posted on Jan, 4 2010 @ 02:51 PM
It is not child abuse to teach a child a particular religious dogma no more than it is child abuse to teach a child that there is a Santa Claus and
Tooth Fairy, that the sky is not blue, or that one day their prince will come and save them and they'll live happily ever after.
If one wants their child to respect them and continue to respect them as they grow older and more knowledgeable of the world around them, then they
will teach their children many different view points with honesty. If a parent teaches their child that Disney movies are true, and that one day their
prince will come and rescue them and they'll live happily ever after, then all that parent is doing is ensuring that their child will grow up to be
disappointed, jaded and cynical (and most likely resentful towards them for filling their head with unreasonable expectations for life). If a parent
raises a child to subscribe to the same faithful convictions they do, then all that they will ultimately ensure is that their child will reject those
beliefs when they are older and discover differing points of view from your own.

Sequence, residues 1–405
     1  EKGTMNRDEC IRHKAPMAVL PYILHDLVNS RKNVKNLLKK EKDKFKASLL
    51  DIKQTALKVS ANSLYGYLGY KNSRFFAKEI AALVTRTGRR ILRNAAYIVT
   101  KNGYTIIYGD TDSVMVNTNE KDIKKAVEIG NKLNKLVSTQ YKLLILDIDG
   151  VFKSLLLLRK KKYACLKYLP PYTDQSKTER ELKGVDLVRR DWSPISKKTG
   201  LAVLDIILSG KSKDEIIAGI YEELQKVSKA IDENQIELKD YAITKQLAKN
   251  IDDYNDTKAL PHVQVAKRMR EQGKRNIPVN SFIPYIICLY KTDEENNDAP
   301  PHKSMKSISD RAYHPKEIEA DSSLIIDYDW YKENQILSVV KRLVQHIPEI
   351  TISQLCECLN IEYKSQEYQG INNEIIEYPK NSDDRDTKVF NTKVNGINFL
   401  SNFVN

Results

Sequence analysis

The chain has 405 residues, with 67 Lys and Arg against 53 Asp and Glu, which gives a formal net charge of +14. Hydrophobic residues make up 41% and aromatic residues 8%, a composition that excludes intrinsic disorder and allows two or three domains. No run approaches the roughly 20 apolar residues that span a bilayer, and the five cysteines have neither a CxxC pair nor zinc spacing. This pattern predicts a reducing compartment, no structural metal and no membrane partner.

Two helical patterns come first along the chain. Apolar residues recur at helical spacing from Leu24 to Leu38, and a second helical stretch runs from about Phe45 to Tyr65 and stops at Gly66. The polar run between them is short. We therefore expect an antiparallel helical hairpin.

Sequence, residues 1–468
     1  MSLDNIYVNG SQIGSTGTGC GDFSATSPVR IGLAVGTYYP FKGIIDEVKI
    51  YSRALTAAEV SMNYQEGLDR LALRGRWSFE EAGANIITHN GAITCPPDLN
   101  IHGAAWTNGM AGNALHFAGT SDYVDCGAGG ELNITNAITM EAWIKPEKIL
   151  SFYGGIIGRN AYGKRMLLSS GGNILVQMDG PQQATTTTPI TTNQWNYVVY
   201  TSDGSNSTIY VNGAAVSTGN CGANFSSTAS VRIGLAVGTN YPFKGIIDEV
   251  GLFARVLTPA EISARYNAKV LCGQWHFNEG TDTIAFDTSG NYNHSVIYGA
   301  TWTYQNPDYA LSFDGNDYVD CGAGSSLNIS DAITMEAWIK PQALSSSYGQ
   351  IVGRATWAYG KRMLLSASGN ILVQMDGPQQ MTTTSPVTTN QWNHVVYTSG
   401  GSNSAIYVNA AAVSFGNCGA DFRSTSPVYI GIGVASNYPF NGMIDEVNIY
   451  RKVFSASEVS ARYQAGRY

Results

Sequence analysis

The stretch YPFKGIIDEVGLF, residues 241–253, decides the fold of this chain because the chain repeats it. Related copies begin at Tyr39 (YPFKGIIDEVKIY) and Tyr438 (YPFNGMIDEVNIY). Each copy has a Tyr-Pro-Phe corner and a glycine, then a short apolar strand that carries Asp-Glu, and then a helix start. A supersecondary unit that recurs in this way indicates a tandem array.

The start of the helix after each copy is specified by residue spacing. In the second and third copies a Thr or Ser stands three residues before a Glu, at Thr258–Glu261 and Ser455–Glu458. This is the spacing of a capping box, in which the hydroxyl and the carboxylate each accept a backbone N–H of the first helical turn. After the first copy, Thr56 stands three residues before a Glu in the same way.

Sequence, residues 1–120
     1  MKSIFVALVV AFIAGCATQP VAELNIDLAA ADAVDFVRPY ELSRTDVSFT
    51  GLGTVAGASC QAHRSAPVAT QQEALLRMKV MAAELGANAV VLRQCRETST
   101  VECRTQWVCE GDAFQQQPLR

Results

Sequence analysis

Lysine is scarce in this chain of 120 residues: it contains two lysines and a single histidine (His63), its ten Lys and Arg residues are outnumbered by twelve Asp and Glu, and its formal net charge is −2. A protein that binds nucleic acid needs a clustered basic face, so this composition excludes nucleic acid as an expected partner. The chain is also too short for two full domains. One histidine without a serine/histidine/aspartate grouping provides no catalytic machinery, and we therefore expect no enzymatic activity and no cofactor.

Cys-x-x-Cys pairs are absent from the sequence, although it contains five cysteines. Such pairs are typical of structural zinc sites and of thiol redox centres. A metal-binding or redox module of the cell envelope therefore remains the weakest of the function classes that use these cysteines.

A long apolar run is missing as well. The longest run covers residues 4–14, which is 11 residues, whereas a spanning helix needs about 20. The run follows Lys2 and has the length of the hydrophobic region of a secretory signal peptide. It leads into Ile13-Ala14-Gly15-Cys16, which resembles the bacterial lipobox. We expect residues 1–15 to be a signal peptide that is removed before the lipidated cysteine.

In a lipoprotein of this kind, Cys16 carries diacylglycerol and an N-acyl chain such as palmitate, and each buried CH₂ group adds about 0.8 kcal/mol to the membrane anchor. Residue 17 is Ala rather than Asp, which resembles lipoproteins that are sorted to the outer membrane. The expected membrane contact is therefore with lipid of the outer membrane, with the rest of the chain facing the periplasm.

I personally teach my daughter to discover the world for herself and come to her own conclusions. I have raised her to be a moral person, and to be
respectful and tolerant towards everyone. She is free to explore any or every religious belief, or free to denounce them all and become an atheist if
she so chooses, and regardless of what she decides, she can count on me both questioning her for her choices, as well as respecting her choices and
freedom to choose for herself.
However, that's no better nor worse than a parent a who chooses to raise their child as a devout Catholic or Fundamentalist Xtian, or even a Muslim
However, I do think you get into some distinctly Grey Areas when it comes to denying children inalienable rights under the guise of Religion. If a
child is dying and you refuse them medical care under "Religious Belief", then that is treading into Child Abuse territory. However, teaching a
child about your religion, or about other religions, is perfectly acceptable, and should be encouraged.